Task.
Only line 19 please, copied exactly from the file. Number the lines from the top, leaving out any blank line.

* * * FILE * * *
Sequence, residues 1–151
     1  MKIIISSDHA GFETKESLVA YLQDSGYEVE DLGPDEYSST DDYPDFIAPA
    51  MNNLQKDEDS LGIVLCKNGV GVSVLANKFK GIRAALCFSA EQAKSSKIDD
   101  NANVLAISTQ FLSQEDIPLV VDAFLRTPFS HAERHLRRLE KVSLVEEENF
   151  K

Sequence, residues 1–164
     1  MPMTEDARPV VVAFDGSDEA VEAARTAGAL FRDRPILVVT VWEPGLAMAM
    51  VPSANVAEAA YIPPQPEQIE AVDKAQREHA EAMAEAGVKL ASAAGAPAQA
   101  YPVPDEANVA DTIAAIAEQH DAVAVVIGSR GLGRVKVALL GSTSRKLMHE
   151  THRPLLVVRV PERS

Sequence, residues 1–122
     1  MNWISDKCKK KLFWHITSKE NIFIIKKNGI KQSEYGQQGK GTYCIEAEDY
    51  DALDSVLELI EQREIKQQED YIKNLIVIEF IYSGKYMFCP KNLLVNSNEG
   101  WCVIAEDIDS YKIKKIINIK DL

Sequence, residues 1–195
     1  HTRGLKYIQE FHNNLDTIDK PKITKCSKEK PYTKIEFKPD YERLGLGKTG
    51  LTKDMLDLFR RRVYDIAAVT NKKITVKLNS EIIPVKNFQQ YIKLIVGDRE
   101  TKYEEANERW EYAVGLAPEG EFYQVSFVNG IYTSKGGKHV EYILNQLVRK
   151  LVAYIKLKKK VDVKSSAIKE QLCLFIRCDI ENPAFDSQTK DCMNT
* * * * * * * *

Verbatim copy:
   151  LVAYIKLKKK VDVKSSAIKE QLCLFIRCDI ENPAFDSQTK DCMNT